Welcome to Guitar Uncivilized, a guidebook and online platform to freaking out one of the most common guitar sounds—the famed “open string chord”—exploring this single, exciting-but-accessible concept from all angles.

Built on digestible, culturally-relevant “micro-chapters”, as well as in-the-field interviews and research with some of the world’s most intriguing guitarists and composers, the project is built as an interactive zine-guidebook with chord recipes, anecdotes, examples and descriptive tips which can take your playing from stale to expansive without having to delve into much musical theory.

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Radio Hour #2

Excited to share this weeks’ Guitar Uncivilized radio hour! The centerpiece is a 24-minute improvisation by Ben Allison’s group from their album *Moment’s Inside* (with two guitars). It also features some great stuff from Sonny Greenwich, Kris Davis, and John Hollenbeck as well. Each track incorporates the guitar in a unique way. . .

Uncivilized Tom


1. Jimi Hendrix – “Here My Train A Comin’ ” from the 1973 Warner Brothers documentary Jimi Hendrix (https://en.wikipedia.org/wiki/Jimi_Hendrix_(film))

2. Ben Allison – “Moments Outside” from Moments Outside [Single] (Sonic Camera Records, 2022). Purchase: https://benallison.com/moments-outside

3. Steve Cardenas – “Drifter” from West of Middle (Sunnyside, 2010). https://stevecardenas.bandcamp.com/album/west-of-middle

4. Kris Davis – “Prairie Eyes” [w/ Bill Frisell] from Duopoly (Pyroclastic Records, 2016). https://krisdavis.bandcamp.com/album/duopoly

5. Sonny Greenwich / Paul Bely – “Meandering” from Outside In (Justin Time Records, 1995). https://www.discogs.com/fr/release/3250782-Paul-Bley-Sonny-Greenwich-Outside-In

6. Sonny Greenwich – “Your Song” [Elton John Cover]. (Live In Toronto, YouTube.) https://www.jazzwax.com/2020/05/sonny-greenwich-in-ten-clips.html

7. Claudia Quintet / John Hollenbeck – “Rainbow Jimmies” [feat. Mark Stewart] from Rainbow Jimmies (GPE Records, 2008). https://johnhollenbeck.bandcamp.com/album/rainbow-jimmies

Radio Hour #1

I’ve been working on a book project, entitled Guitar Uncivilized, about the guitar and its strange/awesome “cowboy chords” for the last few years. It’s still a work in progress, but I’ve decided to start capturing some real-life examples in the form of a radio show, to share my research and listening recommendations. The first episode (featuring tracks by Frank Zappa, Robert Stillman, Kurt Cobain, Ingrid Laubrock, Jason Moran, Brandon Ross, Sibylle Baier, Pete Rende, and more) can be streamed/downloaded for free on Bandcamp here: https://guitaruncivilized.bandcamp.com/track/guitar-uncivilized-radio-hour-1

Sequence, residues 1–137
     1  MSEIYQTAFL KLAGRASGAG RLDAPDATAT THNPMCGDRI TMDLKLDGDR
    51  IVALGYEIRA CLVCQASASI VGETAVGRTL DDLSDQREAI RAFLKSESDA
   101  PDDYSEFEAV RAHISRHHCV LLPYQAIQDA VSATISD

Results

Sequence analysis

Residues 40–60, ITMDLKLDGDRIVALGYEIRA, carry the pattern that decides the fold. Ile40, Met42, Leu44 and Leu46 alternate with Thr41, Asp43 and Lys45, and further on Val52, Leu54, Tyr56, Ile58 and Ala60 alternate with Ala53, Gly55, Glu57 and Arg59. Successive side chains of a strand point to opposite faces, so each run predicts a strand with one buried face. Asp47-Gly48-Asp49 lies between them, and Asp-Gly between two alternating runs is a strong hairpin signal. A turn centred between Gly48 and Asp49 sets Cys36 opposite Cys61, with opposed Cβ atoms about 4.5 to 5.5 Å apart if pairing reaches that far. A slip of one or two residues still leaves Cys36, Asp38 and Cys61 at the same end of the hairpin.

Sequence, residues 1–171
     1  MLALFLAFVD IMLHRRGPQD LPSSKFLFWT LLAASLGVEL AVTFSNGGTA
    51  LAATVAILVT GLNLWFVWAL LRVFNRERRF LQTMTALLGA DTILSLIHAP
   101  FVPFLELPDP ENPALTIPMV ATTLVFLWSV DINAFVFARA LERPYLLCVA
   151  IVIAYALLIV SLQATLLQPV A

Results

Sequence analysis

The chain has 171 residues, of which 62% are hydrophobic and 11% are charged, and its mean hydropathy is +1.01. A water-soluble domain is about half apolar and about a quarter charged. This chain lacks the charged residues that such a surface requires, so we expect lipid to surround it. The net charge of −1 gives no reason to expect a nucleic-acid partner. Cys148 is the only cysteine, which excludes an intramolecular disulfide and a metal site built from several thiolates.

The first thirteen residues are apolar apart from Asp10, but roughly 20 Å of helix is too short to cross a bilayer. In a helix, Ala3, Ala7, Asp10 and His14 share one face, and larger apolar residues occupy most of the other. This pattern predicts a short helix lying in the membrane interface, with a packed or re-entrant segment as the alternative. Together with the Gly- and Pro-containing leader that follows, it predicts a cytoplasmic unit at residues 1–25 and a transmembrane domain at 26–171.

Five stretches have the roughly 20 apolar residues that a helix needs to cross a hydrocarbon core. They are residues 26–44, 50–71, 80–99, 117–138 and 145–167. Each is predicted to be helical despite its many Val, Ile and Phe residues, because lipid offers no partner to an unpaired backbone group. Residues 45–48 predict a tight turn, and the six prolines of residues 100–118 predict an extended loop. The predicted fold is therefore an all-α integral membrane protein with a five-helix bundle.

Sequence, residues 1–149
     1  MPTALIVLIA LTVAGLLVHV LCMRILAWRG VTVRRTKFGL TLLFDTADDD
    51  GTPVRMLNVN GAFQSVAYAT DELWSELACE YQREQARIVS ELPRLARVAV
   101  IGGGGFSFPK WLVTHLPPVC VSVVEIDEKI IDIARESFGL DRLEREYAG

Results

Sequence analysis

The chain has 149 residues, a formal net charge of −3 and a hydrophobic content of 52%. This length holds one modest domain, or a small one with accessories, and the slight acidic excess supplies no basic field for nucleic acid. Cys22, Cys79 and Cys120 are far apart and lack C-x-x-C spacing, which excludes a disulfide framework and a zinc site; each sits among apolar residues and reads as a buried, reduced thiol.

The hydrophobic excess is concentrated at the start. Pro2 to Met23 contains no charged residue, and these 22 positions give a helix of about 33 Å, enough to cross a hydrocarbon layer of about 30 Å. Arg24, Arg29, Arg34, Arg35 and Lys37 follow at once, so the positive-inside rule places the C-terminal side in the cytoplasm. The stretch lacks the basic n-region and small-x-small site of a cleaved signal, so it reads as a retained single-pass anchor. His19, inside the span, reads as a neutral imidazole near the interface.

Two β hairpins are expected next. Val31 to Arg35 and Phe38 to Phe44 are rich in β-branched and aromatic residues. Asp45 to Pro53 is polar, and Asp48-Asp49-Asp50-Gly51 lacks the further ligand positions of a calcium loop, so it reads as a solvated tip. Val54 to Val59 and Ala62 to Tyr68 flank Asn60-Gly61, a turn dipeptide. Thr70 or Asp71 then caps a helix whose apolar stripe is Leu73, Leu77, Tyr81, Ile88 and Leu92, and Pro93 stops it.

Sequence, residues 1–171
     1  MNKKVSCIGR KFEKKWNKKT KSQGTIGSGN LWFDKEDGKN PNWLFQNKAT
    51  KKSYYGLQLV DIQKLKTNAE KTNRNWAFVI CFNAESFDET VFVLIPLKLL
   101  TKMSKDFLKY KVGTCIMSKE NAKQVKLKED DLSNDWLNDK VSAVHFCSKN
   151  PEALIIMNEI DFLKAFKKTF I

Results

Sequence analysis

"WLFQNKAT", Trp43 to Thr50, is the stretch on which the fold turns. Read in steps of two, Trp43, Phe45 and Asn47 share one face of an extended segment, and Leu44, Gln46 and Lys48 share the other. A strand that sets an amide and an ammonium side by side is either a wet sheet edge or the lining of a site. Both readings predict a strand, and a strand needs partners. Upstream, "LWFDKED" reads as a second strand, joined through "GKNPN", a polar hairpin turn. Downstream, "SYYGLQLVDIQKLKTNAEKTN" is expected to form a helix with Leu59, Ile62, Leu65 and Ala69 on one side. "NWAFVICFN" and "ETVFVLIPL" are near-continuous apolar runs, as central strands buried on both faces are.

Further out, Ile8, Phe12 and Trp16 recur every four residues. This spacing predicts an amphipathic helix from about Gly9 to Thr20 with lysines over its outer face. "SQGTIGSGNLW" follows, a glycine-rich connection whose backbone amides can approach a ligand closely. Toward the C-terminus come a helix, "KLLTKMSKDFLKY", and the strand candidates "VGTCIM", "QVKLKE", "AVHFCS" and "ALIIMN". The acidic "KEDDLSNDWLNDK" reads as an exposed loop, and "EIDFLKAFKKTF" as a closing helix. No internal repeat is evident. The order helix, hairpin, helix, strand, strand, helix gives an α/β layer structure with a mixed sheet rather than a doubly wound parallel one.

Uncivilized Tom
P.S. here is this week’s tracklist:

1. Jimi Hendrix – “Here My Train A Comin’ ” from the 1973 Warner Brothers documentary Jimi Hendrix (https://en.wikipedia.org/wiki/Jimi_Hendrix_(film))

2. Robert Stillman – “No Good Old Days” from What Does It Mean to Be American? (Ordinal, 2022). https://archaicfuturerecordings.bandcamp.com/album/what-does-it-mean-to-be-american

3. Kurt Cobain – “And I Love Her” (Beatles Cover) from Montage of Heck: The Home Recordings (Universal Music, 2015). https://www.discogs.com/release/7706769-Kurt-Cobain-Montage-Of-Heck-The-Home-Recordings

4. Ingrid Laubrock’s Anti-House – “Alley Zen” Strong Place (Intakt records, 2012). https://laubrock-intakt.bandcamp.com/album/strong-place

5. Jason Moran – “Aubade” from Same Mother (Blue Note, 2005). https://www.discogs.com/release/2827107-Jason-Moran-Same-Mother

6. Brandon Ross – “Love From Above” from Puppet ( Intoxicate Records, 2006): https://www.discogs.com/release/2804532-Brandon-Ross-Puppet

7. Teddy Bunn – “King Porter Stomp” from King Porter Stomp / Bachelor Blues (Blue Note, 1940). https://www.discogs.com/release/3307988-Teddy-Bunn-King-Porter-Stomp-Bachelor-Blues

8. Pete Rende – “Rondo SKETCHO” from SoundCloud (Unreleased). https://soundcloud.com/peterende/rondo-sketcho

9. Son House – ” Death Letter Blues” from Legends of Country Blues Guitar, Vol. One DVD.on YouTube (Vestapol, 1994). https://www.youtube.com/watch?v=NdgrQoZHnNY

10. Sibylle Baier – “Remember The Day” from Colour Green (Orange Twin, 2006). https://orangetwinrecords.bandcamp.com/album/colour-green

11. Jimmy Guiffre – “The Green Country (New England Mood)” from  Trav’lin’ Light (Atlantic, 1958). https://www.discogs.com/release/3076047-The-Jimmy-Giuffre-3-Travlin-Light

12. Frank Zappa – “Sleep Napkins (Sleep Dirt) Live in Vancouver, 1975” from YouTube. https://www.youtube.com/watch?v=gQEgs0xz1Bo

Jakob Bro on Open Strings

“For me, the guitar can be seen as two instruments in one. The open strings being one world of sounds. All the other notes being another. Making these worlds meet provides endless opportunities in sound and a lifetime of study on its own”.

— Jakob Bro, Jan. 2020

Rachel Housle on Open Strings